Balance Sheet Data (at end of Period):                         
Cash and cash equivalents  $891,488   $846,883   $833,070   $1,196,268   $1,179,149 
Marketable securities   1,421,720    1,480,237    1,558,548    1,575,333    1,651,968 
Total assets   5,010,260    4,525,133    4,499,391    4,693,303    4,879,603 
Total debt   -    -    -    -    - 
Total stockholders' equity   3,802,466    3,418,003    3,345,126    3,403,367    3,659,706 

 

 

 

(1)Our fiscal year-end is the last Saturday of the calendar year and does not always fall on December 31. All years presented contain 52 weeks excluding Fiscal 2016 which includes 53 weeks.
(2)Other income, net mainly consists of gain (loss) on sale of marketable securities, interest income, and foreign currency gain (loss).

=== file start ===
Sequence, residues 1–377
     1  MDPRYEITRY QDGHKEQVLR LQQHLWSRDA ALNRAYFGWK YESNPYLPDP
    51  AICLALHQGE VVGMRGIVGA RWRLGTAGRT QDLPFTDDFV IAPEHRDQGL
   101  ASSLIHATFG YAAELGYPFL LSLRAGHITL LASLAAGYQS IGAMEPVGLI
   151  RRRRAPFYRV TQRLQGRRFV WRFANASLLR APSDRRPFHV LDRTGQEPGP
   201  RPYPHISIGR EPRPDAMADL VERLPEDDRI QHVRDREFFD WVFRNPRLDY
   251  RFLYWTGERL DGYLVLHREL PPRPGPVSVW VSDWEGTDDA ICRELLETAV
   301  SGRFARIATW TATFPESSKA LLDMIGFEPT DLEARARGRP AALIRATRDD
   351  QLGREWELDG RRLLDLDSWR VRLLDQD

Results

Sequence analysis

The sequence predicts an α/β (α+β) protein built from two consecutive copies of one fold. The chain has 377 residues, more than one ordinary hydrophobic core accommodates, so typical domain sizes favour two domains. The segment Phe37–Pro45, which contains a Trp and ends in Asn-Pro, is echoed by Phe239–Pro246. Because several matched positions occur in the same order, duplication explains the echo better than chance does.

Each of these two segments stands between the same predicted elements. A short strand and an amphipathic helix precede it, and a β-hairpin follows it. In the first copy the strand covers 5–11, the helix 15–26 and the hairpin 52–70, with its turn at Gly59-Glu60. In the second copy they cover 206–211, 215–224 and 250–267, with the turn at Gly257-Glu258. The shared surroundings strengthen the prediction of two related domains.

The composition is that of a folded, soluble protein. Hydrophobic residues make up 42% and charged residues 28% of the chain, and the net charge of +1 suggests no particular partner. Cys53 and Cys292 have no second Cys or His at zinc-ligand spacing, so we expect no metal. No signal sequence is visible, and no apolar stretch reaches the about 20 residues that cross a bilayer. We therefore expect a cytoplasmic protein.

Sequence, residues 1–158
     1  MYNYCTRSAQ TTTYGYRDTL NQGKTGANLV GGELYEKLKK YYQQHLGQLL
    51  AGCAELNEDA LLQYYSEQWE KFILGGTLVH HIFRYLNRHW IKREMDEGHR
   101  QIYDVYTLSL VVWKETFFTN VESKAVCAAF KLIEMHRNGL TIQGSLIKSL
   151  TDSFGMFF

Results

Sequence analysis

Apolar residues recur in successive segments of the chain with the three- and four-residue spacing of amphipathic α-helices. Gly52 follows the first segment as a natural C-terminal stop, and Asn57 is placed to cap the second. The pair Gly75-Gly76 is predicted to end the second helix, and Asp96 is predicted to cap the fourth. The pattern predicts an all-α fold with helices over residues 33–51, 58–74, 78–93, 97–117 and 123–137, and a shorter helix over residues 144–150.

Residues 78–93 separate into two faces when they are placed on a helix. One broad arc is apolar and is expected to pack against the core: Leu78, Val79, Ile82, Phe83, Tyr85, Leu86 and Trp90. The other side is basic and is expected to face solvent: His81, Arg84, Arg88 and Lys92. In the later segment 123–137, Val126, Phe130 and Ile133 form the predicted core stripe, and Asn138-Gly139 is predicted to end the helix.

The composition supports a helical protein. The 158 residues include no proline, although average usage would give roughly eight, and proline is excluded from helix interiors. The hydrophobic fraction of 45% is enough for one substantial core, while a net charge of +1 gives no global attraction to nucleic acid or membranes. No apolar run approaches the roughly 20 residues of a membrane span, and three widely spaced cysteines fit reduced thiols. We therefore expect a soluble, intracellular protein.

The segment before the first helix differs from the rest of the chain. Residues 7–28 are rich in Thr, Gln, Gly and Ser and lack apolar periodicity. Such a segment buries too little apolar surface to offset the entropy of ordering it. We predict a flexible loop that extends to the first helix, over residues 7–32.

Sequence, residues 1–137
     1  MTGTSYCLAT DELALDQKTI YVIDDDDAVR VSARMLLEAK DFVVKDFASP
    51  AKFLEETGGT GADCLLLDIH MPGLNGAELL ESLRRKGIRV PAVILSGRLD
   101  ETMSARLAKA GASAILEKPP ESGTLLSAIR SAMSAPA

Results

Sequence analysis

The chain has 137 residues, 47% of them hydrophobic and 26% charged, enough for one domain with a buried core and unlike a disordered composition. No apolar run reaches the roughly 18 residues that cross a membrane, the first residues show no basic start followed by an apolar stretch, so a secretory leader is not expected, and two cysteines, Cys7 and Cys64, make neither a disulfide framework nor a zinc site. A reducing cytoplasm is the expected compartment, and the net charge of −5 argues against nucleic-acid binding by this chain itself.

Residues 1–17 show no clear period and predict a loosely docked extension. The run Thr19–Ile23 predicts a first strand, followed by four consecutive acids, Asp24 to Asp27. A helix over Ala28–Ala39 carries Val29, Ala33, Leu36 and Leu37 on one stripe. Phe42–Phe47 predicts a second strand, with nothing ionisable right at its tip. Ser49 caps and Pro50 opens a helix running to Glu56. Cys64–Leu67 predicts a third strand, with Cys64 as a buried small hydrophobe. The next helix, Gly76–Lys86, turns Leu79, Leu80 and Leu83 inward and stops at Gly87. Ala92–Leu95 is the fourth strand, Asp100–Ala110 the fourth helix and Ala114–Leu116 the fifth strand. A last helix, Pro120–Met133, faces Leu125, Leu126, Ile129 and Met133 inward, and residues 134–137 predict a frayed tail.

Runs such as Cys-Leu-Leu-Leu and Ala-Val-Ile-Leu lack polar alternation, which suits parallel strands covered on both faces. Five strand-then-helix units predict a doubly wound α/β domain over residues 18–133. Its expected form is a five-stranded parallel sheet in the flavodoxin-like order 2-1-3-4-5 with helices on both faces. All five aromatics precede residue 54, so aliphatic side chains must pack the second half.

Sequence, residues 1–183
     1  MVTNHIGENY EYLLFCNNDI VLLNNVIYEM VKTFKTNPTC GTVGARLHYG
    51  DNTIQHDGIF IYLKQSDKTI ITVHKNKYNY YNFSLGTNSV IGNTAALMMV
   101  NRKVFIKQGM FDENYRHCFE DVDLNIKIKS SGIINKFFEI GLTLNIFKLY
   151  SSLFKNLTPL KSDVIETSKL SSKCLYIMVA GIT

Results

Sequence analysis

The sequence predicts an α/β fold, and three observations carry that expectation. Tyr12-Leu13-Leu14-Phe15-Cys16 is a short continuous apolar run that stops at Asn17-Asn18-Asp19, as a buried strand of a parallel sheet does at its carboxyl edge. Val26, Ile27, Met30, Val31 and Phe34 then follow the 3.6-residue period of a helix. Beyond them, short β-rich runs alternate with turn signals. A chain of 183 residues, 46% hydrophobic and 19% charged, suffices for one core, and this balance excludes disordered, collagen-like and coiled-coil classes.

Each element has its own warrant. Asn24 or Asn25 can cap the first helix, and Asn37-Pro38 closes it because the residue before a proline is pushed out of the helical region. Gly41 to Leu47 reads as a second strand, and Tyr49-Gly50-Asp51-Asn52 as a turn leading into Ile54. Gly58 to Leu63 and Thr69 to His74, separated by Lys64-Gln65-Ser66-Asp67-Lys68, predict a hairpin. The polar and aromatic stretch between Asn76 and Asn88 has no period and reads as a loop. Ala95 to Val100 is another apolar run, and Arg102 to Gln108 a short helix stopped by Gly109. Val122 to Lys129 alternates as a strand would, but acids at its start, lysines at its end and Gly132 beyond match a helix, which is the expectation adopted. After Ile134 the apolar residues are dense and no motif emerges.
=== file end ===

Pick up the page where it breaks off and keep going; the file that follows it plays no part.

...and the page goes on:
(3)Includes $22.6 million, $31.7 million, $23.5 million, $4.3 million, and $20.0 million of foreign currency losses in 2017, 2016, 2015, and 2014, respectively, and $35.5 million of foreign currency gain in 2013.
(4)2017 – includes $180.0 million income tax benefit due to election to align Switzerland corproate tax positions partially offset by $22.6 million of income tax expense due to the expiration of certain share-based awards;
2014 – includes $307.6 million income tax expense associated with our inter-company restructuring partially offset by $72.9 million income tax reserve release due to expiration of certain statutes of limitations or completion of tax audits
2013 – includes $68.7 million income tax reserve release due to expiration of certain statutes of limitations or completion of tax audits partially offset by Taiwan surtax expense due to the release of reserves

 

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Item 7. Management’s Discussion and Analysis of Financial Condition and Results of Operations